Prescription Restrictions Cut Costs, But How Does Health Fare?

Release Date: August 17, 2010 | By Becky Ham, Science Writer
Research Source:

Policies that restrict reimbursement for certain medications can save money for health insurers without driving patients to seek other kinds of health care, a new review of studies suggests.

The most common restriction among the studies, which took place in the United States, Canada, Norway and Denmark, was the prior authorization policy. Usually, prior authorization plans require extra paperwork by doctors or patients to explain the need for a particular restricted drug.

In some cases, restricted reimbursement for gastric-acid suppressants, such as the brand Nexium, and non-steroidal anti-inflammatory medicines, such as the brand Celebrex, led to “decreased drug use and substantial savings on drugs” almost immediately, said Carolyn J. Green, Ph.D., of the University of Victoria in Canada, and colleagues.

Patients in these plans did not use more health services after the policies went into effect, which could mean that they did not suffer any further health problems because of the restrictions. However, similar policies for antipsychotic drugs, such as the brand Risperdal, did increase the use of health services without reducing overall costs, the researchers report.

Only two of the 29 studies in the analysis directly looked at individual health outcomes “and these were unable to conclude whether the policies had either a positive or negative effect on the patients’ health,” Green said. “Therefore, we are stressing the importance of developing restrictions aligned with comparative clinical research.”

The review appears in the current issue of The Cochrane Library, a publication of The Cochrane Collaboration, an international organization that evaluates research in all aspects of health care. Systematic reviews draw evidence-based conclusions about medical practice after considering both the content and quality of existing trials on a topic.

Third-party insurers such as Medicare and Medicaid in the United States hope to curb rising drug costs, since “spending more on medication could mean less money for hospitals, doctors and even other public services such as education and infrastructure,” Green explained.

Policymakers would also like to encourage better medication use by adjusting reimbursement restrictions, she said. In the Cochrane studies, the researchers discovered, more patients used high blood pressure and cholesterol control medicines appropriately after reimbursement restrictions on those drugs were relaxed.

The relaxed restriction “provides a safety valve” that allows doctors to keep a wide range of therapeutic options while discouraging the use of high cost medicines that are often misused or overused, Green said.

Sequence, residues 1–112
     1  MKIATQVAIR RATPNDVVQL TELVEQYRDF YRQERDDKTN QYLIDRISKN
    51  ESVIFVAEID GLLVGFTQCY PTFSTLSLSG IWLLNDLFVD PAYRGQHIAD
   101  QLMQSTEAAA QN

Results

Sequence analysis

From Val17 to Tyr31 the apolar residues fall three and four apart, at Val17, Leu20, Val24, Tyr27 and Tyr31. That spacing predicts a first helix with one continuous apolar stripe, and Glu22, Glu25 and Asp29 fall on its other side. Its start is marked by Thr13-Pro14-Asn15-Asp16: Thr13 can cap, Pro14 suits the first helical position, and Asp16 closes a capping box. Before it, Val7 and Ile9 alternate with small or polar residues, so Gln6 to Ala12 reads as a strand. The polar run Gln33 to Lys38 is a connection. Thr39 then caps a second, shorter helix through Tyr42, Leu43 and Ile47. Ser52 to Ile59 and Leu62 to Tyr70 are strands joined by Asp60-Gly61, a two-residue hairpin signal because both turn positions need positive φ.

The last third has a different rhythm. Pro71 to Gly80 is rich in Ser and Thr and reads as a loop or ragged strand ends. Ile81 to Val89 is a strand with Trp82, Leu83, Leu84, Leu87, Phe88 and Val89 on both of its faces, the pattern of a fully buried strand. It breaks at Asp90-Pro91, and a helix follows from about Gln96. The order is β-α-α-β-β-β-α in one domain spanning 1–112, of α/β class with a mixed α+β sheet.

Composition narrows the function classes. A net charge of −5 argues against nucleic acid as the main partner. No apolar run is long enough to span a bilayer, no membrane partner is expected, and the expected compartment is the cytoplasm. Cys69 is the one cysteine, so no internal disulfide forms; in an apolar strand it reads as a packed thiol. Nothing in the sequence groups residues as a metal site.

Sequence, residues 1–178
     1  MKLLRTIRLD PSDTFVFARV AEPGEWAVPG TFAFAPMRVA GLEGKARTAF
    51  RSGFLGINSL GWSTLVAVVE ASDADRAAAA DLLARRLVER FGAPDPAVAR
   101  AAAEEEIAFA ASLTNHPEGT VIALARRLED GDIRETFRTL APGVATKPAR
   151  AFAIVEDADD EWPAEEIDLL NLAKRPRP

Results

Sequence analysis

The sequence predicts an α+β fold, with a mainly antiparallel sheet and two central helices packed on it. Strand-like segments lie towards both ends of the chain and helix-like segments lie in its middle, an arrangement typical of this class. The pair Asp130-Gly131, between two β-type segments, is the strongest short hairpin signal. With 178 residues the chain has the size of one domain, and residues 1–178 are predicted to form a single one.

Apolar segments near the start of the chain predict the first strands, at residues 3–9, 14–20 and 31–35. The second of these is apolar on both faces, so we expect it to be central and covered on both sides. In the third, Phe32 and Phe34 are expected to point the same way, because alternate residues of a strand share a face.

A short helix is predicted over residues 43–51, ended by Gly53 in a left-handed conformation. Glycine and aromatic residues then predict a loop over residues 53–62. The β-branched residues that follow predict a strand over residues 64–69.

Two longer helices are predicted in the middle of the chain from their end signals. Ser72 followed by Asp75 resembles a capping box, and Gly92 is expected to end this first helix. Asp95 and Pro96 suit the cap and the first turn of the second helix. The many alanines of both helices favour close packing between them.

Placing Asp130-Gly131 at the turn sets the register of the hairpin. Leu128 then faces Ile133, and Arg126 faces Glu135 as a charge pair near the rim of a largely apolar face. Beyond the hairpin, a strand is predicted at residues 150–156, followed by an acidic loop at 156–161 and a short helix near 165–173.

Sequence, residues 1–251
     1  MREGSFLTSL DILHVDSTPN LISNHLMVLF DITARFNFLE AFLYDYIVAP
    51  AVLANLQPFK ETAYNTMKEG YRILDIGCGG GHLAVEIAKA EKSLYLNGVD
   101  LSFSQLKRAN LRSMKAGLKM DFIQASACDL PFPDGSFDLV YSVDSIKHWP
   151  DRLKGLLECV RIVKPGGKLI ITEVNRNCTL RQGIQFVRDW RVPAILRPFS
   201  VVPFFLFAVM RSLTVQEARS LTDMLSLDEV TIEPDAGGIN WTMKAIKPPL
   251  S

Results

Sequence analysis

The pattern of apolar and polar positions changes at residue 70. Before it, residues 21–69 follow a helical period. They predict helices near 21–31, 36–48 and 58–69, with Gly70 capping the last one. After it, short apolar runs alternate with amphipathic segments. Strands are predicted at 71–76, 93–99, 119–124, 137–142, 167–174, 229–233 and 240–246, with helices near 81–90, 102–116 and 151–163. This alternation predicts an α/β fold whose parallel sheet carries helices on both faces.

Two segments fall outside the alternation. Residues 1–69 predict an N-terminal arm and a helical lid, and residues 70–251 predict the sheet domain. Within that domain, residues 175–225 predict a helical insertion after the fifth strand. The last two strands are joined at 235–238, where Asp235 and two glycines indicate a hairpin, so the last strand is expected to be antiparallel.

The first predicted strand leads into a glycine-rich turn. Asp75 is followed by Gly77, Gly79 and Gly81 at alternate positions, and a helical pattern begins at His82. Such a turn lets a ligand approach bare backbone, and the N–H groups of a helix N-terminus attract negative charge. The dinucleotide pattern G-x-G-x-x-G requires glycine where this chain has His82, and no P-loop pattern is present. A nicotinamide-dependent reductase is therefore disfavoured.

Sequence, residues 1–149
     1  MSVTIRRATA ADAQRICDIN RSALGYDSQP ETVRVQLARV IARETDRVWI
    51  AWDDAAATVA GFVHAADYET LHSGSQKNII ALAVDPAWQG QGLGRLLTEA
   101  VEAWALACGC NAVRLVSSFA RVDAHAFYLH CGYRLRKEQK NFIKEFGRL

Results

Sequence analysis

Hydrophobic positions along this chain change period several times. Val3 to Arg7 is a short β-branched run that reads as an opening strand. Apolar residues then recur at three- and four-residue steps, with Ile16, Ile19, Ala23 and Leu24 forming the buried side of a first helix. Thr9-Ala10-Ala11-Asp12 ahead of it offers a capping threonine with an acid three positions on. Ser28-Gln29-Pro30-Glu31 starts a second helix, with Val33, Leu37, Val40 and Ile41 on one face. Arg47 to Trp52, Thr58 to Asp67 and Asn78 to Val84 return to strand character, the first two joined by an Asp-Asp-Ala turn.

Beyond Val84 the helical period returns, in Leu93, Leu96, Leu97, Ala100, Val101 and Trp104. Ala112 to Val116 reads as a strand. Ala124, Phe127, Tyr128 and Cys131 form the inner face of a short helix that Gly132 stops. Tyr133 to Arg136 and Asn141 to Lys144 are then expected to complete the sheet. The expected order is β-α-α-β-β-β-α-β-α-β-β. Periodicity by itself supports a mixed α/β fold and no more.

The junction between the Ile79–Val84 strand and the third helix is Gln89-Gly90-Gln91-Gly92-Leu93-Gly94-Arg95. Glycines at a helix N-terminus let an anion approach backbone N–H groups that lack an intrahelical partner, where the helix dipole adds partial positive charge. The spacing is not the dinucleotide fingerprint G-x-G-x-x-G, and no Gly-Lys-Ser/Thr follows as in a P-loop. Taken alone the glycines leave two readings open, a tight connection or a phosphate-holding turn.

“Medications targeted for reduction in use are often newer, expensive drugs with cheaper, effective alternatives,” she said.

Still, patients who might be faced with a drug change because of these policies should ask their doctors and pharmacists whether “these equivalents are really equivalent” for their particular condition, said John O’Brien, Pharm.D., formerly with the College of Notre Dame of Maryland.

“If whatever you’re taking is working, and someone wants to change it,” he said, “the first question you should ask is, ‘why?’”

Although the policies do appear to save money in several studies, the Cochrane researchers say that there should be more studies measuring the direct health influence of these policies, especially in cases where there are no clear alternatives to the restricted drugs.

Green also notes that the restrictions could be a burden for some patients, if the patients have difficulties “accessing or understanding information” about how the restrictions could affect their care.


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Reach the Health Behavior News Service, part of the Center for Advancing Health, at hbns-editor@ cfah.org or (202) 387-2829.

The Cochrane Library (http://www.thecochranelibrary.com) contains high quality health care information, including Systematic Reviews from The Cochrane Collaboration. These reviews bring together research on the effects of health care and are considered the gold standard for determining the relative effectiveness of different interventions. The Cochrane Collaboration is an international nonprofit, independent organization that produces and disseminates systematic reviews of health care interventions and promotes the search for evidence in the form of clinical trials and other studies of interventions. Visit http://www.cochrane.org for more information.

Green CJ et al. (2010) Pharmaceutical policies: effects of restrictions on reimbursement. Cochrane Database of Systematic Reviews 2010, Issue 8.


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Prescription Drugs   Health Care Cost  



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